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Publication numberUS4181997 A
Publication typeGrant
Application numberUS 05/898,645
Publication dateJan 8, 1980
Filing dateApr 21, 1978
Priority dateApr 21, 1978
Publication number05898645, 898645, US 4181997 A, US 4181997A, US-A-4181997, US4181997 A, US4181997A
InventorsJames L. O'Rourke
Original AssigneeRourke James L O
Export CitationBiBTeX, EndNote, RefMan
External Links: USPTO, USPTO Assignment, Espacenet
Water-powered toothbrush with dentifrice attachment
US 4181997 A
Abstract
A tooth-brushing device comprising a brushing unit provided with rotating brushes, and a dentifrice-carrying cartridge unit. The cartridge unit is attachable to a water faucet and supports an impeller operated by water pressure to rotate the brushes. The cartridge unit also has a passage for conducting water from the faucet to the rotating brushes. The cartridge unit supports a disposable dentifrice tube which is squeezed by the pressure of water from the faucet to force dentifrice from the tube to the brushes.
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Claims(15)
What I claim as my invention is:
1. A tooth-brushing device comprising a brushing unit having a rotatable shaft to which bristles are secured, a cartridge unit having means for holding an oral substance, a first passage from said holding means to said brushing unit, a water passage to said brushing unit, said water passage having means releasably attachable to a water faucet, a rotatable impeller operably connected to said shaft, a branch line from said water passage to rotate said impeller by the flow of water in said branch line and thereby rotate said shaft, said holding means comprising a squeezable tube releasably mounted in a chamber in said cartridge unit, whereby the oral substance can be expelled from said tube by squeezing, said chamber being in communication with said water passage so that the pressure of water in said water passage will squeeze said tube.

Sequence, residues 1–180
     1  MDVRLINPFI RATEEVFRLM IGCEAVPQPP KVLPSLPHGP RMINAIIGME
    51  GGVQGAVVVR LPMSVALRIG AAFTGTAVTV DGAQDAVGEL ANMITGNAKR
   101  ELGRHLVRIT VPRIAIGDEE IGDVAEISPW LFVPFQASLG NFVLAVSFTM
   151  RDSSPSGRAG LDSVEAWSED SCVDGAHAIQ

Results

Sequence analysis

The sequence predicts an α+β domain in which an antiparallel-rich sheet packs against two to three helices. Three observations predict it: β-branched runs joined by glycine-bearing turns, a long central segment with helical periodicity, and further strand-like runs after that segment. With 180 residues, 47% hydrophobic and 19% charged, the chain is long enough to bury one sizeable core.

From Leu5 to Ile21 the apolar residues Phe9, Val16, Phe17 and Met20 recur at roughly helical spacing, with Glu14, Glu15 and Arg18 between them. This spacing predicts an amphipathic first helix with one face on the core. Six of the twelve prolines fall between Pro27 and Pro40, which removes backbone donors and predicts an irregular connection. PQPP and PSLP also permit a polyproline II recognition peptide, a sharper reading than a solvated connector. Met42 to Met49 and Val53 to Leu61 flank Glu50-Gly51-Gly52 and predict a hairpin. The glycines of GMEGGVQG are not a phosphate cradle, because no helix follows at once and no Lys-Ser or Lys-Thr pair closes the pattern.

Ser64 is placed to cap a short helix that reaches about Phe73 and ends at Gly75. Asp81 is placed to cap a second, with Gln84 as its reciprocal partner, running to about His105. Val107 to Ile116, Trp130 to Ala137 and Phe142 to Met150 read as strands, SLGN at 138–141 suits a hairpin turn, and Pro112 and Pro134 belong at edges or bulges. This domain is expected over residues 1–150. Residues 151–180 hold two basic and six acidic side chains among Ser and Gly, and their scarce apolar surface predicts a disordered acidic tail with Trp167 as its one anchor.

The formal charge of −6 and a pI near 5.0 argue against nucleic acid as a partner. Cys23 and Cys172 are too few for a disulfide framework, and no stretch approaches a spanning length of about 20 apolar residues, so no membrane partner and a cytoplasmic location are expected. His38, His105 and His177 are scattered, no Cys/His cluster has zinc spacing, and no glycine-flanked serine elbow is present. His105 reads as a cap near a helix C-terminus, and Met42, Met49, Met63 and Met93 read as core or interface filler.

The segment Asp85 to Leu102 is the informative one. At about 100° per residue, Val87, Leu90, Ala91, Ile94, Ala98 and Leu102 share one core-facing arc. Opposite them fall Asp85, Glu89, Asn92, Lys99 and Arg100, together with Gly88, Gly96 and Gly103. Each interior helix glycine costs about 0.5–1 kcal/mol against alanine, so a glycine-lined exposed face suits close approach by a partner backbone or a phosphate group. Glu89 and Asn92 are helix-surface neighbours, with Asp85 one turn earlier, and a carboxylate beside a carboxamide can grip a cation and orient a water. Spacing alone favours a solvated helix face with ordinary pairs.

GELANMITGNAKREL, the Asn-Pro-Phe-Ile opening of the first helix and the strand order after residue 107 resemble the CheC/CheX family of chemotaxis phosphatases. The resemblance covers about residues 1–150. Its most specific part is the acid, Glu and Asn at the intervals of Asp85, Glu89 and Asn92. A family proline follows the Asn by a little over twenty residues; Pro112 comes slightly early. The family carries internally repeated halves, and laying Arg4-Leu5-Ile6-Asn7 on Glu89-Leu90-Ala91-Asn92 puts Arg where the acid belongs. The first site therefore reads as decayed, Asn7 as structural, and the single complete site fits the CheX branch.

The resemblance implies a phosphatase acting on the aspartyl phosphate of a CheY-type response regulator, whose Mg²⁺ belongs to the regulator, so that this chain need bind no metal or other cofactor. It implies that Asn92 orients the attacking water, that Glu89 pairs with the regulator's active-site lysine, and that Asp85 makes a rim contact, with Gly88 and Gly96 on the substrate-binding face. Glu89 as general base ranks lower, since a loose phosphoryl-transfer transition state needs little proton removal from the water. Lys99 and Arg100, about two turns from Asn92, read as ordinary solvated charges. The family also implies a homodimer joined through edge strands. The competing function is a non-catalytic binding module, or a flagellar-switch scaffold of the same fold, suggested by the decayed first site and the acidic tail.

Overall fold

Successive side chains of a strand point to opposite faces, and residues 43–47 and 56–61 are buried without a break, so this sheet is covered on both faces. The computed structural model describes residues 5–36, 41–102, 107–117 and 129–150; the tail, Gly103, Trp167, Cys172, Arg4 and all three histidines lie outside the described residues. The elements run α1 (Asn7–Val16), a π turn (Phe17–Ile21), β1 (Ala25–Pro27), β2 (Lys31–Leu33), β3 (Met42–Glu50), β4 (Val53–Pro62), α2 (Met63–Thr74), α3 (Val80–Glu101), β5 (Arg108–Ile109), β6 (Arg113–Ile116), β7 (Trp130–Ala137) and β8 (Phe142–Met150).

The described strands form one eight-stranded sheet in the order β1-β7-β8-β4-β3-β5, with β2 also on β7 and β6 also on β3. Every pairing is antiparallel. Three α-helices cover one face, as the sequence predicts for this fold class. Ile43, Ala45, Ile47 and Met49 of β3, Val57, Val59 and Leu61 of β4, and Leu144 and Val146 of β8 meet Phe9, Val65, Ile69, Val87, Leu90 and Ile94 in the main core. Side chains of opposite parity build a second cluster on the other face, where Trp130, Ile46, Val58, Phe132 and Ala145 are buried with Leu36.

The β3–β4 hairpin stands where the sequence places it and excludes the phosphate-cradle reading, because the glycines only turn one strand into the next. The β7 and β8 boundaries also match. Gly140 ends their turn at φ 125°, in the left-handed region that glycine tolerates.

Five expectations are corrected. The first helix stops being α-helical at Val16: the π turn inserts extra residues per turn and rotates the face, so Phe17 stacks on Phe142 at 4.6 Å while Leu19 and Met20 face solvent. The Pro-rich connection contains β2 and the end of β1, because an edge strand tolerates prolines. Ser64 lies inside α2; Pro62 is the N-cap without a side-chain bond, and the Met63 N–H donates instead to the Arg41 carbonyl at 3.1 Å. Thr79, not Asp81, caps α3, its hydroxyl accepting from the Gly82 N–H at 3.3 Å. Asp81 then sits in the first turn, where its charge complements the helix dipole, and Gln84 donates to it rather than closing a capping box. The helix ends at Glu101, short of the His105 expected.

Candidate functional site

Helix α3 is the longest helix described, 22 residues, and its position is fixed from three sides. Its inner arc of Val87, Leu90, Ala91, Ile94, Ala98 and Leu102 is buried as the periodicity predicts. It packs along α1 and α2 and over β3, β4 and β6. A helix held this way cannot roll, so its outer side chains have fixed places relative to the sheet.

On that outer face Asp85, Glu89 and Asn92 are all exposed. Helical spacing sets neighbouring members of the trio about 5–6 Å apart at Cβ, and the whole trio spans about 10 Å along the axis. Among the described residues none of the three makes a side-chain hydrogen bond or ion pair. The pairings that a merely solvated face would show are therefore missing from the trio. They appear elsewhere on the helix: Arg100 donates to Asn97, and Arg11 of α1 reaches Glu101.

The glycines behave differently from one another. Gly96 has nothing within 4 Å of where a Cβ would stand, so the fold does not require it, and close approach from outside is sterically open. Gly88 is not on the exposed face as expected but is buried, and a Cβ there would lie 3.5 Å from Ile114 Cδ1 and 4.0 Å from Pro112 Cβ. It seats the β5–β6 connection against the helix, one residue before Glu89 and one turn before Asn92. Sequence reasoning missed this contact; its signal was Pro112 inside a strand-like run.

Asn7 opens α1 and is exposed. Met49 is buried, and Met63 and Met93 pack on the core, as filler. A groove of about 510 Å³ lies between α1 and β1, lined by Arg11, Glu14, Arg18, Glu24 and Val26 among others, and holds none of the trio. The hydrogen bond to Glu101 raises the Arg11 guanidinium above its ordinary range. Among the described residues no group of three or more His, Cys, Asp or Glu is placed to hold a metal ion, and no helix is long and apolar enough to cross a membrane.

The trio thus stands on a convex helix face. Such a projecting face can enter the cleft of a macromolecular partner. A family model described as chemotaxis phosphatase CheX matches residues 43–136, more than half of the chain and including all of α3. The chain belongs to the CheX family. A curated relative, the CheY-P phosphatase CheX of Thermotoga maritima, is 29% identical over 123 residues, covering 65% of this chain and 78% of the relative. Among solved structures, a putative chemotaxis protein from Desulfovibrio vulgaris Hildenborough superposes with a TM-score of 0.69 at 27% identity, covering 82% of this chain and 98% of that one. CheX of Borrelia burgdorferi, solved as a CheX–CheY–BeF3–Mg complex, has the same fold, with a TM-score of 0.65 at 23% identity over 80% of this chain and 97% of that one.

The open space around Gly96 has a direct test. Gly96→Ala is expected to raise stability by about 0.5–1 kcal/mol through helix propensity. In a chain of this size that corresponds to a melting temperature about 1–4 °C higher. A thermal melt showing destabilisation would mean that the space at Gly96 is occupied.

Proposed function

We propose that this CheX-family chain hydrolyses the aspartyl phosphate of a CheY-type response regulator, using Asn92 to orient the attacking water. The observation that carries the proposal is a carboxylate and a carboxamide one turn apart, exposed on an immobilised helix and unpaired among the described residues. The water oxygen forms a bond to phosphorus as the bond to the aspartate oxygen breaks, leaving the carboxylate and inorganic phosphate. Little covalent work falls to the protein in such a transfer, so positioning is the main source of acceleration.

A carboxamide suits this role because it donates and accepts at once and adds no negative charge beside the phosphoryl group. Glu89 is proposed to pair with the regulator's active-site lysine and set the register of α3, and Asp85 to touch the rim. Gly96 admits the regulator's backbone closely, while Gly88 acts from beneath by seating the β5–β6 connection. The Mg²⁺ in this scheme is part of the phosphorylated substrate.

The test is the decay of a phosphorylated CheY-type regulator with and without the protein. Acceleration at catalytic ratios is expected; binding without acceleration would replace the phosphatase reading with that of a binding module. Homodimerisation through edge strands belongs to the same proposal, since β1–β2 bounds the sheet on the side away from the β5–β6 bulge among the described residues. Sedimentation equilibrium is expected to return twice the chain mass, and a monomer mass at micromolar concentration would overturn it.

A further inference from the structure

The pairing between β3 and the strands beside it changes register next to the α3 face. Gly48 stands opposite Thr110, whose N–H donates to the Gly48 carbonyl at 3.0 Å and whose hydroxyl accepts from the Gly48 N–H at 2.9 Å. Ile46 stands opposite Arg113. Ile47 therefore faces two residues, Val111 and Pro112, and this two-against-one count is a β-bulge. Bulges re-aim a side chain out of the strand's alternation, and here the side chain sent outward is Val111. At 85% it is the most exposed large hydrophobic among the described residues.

2. The tooth-brushing device defined in claim 1, including separate valve means normally closing said passages and individually manually operable to open the same.
3. A tooth-brushing device comprising a brushing unit having bristles, a cartridge unit having means for holding an oral substance, a first passage from said holding means to said brushing unit, and a water passage to said brushing unit, said water passage having means releasably attachable to a water faucet, said holding means comprising a squeezable, disposable tube, means for releasably installing said tube in said cartridge unit, valve means for closing said first passage, and means on said tube operable when said tube is installed in said cartridge unit for opening said valve means.
4. The tooth-brushing device defined in claim 3, wherein said tube is installed in a chamber in said cartridge unit, said chamber is in communication with said water passage so as to be subject to the pressure of water in said water passage and said tube is thus squeezed thereby.
5. The tooth-brushing device defined in claim 4, including separate valve means normally closing said passages and individually, manually operable to open the same.